How about those mismatched resistors on top of the 16uf+16uf cap? Should I got for 2x100k or 2x150k there?

                        Comment


                        • #42
                          Originally posted by boroman View Post

                          Still think the amp is not properly designed or we don't have good KT88s right now. Amp should be designed that way if you put everything on 10, it will do the job just right. And most are. And if we're talking anow about mild clipping, and we still worry about breaking a tube or blowing a resistor... really?

                          I'll put 1k/5W tomorrow. We'll see.

                          How about those mismatched resistors on top of the 16uf+16uf cap? Should I got for 2x100k or 2x150k there?
                          This is another problem and think is comming mostly from vendors politics to put on sale any craps without to do any selection.
                          I live in Europe .Just as example I bought a supposed matched kt88 quad from TAD Germany. They claimed they do a very rigorous test on their tubes they sell but found it was just relative acceptable matched just for plate currents, the screens currents was rubbish when starts to draw.Think they didn't bother to measure. More, I didn't received any test bulletin to know in what condition they measured the tubes and with what results. I received just a brand sticker instead...



                          On the other side, there is still a chance. as there are serious vendors on the market which know how to do a proper job.
                          Also JJ tubes provided by Tube Town Germany this time.

                          Click image for larger version  Name:	20200629_151331.jpg Views:	0 Size:	1.11 MB ID:	908480

                          And something from the past, when control quality really meant some...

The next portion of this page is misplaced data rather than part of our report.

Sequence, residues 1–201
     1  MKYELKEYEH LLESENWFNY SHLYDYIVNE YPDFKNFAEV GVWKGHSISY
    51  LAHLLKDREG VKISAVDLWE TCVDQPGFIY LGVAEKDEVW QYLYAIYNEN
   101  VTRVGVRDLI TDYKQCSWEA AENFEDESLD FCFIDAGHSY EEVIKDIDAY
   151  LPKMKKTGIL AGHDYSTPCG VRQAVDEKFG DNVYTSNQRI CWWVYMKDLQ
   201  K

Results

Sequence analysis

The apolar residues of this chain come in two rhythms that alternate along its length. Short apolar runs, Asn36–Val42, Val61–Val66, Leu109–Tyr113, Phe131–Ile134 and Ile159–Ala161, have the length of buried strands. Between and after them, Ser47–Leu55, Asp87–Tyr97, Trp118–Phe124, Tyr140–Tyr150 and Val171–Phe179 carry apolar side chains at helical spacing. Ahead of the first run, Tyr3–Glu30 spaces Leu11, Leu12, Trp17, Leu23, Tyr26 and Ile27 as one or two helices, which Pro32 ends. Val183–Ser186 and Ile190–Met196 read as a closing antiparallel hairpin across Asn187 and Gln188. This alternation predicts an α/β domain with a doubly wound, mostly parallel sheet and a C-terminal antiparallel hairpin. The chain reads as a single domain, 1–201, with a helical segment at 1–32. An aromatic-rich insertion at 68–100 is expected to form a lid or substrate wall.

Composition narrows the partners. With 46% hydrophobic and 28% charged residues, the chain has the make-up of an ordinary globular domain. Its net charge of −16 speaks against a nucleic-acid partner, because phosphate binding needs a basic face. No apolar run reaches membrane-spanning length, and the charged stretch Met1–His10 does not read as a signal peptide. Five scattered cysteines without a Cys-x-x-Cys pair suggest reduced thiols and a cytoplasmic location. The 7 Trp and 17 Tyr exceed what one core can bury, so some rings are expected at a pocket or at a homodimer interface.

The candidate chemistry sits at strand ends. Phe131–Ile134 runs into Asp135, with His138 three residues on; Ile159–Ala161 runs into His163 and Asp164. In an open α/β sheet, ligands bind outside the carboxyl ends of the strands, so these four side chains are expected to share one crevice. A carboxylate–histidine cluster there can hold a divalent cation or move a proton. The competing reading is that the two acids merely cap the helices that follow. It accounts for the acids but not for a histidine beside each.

Attached Files
                          Last edited by catalin gramada; 06-29-2020, 01:25 PM.
                          "If it measures good and sounds bad, it is bad. If it measures bad and sounds good, you are measuring the wrong things."

                          Comment


                          • #43
                            Originally posted by boroman View Post


                            How about those mismatched resistors on top of the 16uf+16uf cap? Should I got for 2x100k or 2x150k there?
                            As time you measure equal voltage over the each caps from series pair there is no reason to change it.
                            I don't think there are mismatched (really I don't know what values are under red varnish) but think one series pair are 100k bottom/ 100k top, the other series pair 150k bottom/ 150k top
                            "If it measures good and sounds bad, it is bad. If it measures bad and sounds good, you are measuring the wrong things."

                            Comment


                            • #44
                              Originally posted by boroman View Post
                              Amp should be designed that way if you put everything on 10, it will do the job just right. And most are.
                              I don't think designers thought that way back then. Power amp clipping was not 'normal', even more so for a 200W amp. But I agree that the tubes made back then would have been much more likely able to handle the abuse.

                              "Everything is better with a tube. I have a customer with an all-tube pacemaker. His heartbeat is steady, reassuring and dependable, not like a modern heartbeat. And if it goes wrong he can fix it himself. You can't do that with SMD." - Mick Bailey

                              Comment


                              • #45
                                ..and judging by the diminutive size of transformers nowadays it's clear they are still not designed to stand that kind of use, even less so.

                                The solution for this amp is either reduce the drive or lower the screen voltage. The first is easiest IMHO. Catalin mentioned a PPIMV way back which, if you use a dual control, is a good way to do it and you can tweak the safe limit and then just leave it set.
                                Experience is something you get, just after you really needed it.